When M. Night Shyamalan’s The Last Airbender came out in 2010, it scored six percent on the Rotten Tomatoes website. The average audience score on the site, which is usually kinder, was 30-perccent. It was so bad that it got to the point, where one reviewer alternatingly called the film, “The Last Shyamalan.”
His next movie, After Earth came three years later and scored 11-percent.
It could be remembered that the Indian-American director did hit a strong stride starting in 1999 with The Sixth Sense. This was followed by Unbreakable, Signs, and The Village. He was known for building an atmosphere of fear and spookiness and throwing a twist in at the end.
The question with Split is: Is M. Night Shyamalan really back?
While many will say he is, I think the glue that holds this film together and the air that keeps it afloat is undoubtedly the performance of its lead, James McAvoy.
Split deals with “dissociative identity disorder.” A man named Kevin (McAvoy) has 23 personalities but threatens the release of a monstrous 24th. Kevin – under the control of one of his more malevolent personalities, Dennis – abducts three high school girls and holds them prisoner.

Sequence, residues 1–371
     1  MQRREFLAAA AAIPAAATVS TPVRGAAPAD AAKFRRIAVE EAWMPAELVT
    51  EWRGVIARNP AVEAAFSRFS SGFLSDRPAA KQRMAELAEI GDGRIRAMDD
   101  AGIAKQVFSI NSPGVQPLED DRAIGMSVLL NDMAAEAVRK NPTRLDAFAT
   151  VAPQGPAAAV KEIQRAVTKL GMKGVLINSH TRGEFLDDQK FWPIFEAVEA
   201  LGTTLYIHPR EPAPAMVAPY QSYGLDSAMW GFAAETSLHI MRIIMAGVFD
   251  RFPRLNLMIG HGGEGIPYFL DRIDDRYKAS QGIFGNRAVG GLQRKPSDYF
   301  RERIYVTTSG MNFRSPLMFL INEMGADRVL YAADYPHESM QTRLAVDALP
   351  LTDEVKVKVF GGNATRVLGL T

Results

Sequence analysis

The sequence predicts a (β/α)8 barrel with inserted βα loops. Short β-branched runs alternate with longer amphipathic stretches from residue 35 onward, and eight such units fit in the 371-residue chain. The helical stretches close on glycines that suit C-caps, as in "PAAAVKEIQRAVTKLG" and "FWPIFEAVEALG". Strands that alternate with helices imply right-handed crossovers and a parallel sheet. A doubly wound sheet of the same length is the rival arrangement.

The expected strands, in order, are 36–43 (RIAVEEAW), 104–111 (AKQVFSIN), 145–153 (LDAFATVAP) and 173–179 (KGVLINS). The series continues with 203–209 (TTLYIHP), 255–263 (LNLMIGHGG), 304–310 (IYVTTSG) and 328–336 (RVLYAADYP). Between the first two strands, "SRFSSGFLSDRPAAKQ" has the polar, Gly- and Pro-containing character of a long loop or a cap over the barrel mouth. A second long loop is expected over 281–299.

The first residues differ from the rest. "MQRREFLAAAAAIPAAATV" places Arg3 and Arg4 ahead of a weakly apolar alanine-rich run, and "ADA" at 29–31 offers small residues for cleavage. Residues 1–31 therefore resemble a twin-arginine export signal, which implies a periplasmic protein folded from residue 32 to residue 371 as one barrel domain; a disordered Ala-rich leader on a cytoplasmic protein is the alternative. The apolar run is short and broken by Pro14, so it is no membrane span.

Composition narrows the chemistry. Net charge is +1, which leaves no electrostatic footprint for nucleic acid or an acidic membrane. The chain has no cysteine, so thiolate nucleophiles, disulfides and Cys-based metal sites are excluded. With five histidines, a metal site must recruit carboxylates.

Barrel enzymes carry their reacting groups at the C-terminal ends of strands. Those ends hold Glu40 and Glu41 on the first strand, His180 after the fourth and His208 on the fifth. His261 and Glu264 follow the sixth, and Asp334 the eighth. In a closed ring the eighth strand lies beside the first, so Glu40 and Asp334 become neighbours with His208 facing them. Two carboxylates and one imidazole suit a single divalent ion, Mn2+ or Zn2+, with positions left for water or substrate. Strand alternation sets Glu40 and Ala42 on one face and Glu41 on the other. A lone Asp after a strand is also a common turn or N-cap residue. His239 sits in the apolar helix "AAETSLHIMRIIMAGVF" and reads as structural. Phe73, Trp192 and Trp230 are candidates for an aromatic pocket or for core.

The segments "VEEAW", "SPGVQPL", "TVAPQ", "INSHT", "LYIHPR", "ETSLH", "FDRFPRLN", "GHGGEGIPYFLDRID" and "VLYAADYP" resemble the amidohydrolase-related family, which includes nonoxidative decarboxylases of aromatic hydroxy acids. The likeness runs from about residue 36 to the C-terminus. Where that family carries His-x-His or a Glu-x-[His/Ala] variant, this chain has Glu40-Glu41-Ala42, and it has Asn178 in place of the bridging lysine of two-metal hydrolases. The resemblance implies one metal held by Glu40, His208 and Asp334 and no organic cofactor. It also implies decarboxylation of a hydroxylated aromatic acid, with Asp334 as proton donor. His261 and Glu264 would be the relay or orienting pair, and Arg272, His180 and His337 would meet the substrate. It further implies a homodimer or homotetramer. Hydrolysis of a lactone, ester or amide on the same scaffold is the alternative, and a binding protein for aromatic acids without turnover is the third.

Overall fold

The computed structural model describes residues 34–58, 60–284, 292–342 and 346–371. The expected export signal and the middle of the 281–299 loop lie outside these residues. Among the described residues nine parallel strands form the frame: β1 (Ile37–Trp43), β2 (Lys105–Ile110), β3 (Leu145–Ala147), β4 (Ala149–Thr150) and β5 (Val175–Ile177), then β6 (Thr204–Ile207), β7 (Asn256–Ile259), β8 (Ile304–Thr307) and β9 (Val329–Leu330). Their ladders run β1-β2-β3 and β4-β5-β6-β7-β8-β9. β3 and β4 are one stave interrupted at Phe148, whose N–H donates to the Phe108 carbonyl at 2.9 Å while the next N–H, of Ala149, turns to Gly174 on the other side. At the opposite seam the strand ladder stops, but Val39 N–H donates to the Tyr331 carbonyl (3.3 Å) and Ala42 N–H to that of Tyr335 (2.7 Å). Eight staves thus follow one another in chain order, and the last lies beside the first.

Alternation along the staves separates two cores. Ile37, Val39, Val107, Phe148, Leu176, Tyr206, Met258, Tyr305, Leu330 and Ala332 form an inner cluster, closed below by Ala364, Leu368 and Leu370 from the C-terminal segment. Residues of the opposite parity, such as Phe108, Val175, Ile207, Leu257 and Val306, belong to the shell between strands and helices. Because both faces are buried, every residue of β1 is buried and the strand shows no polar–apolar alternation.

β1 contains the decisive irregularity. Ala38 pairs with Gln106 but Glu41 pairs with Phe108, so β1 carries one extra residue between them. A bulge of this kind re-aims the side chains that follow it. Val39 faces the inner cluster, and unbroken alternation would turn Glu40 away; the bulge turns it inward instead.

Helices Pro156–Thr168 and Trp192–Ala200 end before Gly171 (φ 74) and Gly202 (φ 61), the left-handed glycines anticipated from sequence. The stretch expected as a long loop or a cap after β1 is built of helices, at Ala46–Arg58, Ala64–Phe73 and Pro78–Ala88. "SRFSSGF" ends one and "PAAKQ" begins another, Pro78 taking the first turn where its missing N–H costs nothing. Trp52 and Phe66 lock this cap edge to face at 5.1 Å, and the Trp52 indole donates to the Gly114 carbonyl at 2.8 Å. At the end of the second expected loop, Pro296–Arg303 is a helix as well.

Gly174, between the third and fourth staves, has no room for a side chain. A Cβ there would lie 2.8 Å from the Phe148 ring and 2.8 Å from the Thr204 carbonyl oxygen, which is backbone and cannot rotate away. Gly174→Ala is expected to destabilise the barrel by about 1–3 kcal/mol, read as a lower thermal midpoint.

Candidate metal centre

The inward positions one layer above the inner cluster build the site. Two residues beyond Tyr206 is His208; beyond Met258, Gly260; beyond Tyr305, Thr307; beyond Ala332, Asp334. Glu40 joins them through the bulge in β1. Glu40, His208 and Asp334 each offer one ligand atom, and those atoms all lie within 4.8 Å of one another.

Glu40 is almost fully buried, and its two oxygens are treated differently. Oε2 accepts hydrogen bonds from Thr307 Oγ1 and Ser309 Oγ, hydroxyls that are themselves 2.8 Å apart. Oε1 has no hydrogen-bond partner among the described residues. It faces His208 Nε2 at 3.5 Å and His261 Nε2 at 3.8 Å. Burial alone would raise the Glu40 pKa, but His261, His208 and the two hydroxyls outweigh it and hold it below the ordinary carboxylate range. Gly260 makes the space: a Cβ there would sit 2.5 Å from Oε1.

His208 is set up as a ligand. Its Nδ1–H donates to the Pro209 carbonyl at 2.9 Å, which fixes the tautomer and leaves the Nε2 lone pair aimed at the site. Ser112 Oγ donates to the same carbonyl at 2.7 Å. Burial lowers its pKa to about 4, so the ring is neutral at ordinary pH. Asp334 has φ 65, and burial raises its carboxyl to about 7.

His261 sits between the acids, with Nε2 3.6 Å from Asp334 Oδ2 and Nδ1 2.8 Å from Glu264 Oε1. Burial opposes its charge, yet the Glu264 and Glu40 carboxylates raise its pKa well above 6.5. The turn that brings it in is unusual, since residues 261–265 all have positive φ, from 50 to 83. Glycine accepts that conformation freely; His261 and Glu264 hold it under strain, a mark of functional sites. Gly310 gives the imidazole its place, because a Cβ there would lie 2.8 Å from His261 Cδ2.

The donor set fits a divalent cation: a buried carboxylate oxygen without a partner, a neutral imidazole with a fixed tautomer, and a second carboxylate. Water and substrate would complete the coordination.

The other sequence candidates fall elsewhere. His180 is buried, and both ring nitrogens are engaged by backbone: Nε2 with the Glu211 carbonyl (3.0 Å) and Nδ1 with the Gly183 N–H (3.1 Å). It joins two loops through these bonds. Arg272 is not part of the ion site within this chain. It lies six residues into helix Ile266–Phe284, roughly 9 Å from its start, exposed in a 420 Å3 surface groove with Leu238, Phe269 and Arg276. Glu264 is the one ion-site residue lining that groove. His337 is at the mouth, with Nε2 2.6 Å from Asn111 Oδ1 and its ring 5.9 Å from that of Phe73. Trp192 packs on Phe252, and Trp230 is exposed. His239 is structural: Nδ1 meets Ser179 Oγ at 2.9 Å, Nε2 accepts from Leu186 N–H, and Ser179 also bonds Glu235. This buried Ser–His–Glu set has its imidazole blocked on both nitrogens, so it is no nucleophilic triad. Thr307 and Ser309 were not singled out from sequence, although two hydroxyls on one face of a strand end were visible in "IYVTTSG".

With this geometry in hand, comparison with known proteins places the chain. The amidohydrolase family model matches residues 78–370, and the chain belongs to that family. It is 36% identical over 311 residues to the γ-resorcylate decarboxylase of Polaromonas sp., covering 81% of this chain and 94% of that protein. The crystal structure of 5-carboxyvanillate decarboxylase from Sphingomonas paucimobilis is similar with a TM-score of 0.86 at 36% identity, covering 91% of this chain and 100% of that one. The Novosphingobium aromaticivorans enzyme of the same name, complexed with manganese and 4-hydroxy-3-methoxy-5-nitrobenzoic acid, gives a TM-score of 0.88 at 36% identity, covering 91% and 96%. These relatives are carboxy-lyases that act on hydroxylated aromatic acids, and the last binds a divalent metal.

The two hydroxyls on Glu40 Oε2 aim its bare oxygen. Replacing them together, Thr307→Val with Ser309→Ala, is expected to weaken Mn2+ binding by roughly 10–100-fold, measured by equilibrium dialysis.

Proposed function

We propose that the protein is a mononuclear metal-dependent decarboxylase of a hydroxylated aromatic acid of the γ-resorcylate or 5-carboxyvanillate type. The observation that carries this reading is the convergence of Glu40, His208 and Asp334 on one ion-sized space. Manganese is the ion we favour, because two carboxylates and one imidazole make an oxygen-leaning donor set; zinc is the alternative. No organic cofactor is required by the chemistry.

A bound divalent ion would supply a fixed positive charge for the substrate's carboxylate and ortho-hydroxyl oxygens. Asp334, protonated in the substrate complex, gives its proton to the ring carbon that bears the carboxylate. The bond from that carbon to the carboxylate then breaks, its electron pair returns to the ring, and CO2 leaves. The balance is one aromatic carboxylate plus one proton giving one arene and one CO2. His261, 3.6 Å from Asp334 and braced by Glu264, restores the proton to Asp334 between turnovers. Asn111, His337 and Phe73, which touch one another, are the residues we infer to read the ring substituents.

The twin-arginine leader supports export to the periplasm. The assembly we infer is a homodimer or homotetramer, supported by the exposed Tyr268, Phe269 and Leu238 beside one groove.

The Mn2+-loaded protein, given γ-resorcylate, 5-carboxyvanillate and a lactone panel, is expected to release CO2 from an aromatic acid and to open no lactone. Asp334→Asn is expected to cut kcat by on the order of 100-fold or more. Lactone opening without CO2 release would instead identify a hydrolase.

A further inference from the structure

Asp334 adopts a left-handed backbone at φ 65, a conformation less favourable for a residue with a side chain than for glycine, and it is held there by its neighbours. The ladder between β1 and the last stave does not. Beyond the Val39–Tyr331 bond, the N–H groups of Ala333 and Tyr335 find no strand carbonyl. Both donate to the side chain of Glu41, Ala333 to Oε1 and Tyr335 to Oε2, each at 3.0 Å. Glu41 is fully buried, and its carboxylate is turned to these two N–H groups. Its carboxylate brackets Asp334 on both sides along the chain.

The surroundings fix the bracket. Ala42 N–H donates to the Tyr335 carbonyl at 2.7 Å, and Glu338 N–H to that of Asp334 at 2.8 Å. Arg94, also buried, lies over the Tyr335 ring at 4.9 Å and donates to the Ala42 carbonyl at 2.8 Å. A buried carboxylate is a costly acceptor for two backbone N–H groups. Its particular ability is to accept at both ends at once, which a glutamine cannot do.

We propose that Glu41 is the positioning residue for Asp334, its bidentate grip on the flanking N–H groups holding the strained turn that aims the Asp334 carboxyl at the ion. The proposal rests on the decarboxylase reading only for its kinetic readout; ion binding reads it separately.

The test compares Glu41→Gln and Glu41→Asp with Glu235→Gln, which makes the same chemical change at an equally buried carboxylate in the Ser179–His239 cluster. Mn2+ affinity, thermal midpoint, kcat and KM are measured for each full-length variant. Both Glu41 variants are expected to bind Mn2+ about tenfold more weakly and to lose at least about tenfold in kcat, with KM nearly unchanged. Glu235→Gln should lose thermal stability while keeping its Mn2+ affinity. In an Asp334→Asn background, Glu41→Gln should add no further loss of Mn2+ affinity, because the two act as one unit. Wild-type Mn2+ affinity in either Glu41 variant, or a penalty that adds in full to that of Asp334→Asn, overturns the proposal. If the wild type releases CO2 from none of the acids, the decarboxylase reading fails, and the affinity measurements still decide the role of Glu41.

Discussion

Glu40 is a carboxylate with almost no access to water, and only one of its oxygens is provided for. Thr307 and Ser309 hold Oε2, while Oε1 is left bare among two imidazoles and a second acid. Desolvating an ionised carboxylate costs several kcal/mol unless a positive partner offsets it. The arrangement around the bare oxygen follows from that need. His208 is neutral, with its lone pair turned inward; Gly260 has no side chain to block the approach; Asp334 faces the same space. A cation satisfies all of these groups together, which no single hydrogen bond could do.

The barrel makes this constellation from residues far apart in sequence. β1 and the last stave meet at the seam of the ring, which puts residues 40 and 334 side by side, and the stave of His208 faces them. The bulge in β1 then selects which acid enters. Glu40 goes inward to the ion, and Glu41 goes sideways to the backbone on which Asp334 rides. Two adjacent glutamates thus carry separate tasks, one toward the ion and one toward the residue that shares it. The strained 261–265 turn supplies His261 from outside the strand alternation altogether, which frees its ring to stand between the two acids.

Apart from Dennis, we also get to see a stern lady named Patricia, nine-year-old Hedwig and fashion designer Barry. McAvoy is clearly in control and really, so much of the effectiveness of the film hinges on his performance – I would not know how this film would turn out if he were not in it.
On another note, the three girls who were kidnapped looked like they had great hair and makeup throughout their entire ordeal. Maybe there were provided with a make-up kit and hair products and we just didn’t know about it.
Split opens today along with two other locally made scary movies. There’s the “teen horror” film, Darkroom which follows a group of students who go ‘ghost hunting’ for thrills. They supposedly find an old camera possessed by a malevolent spirit, we expect things to go south from there.
Then there’s Ilawod (see banner story). It should be interesting to see what a director best known for rom-coms, a Palanca award winning writer (I’m a fan of her book, Waking the Dead and Other Horror Stories) and a promising cast can come up with.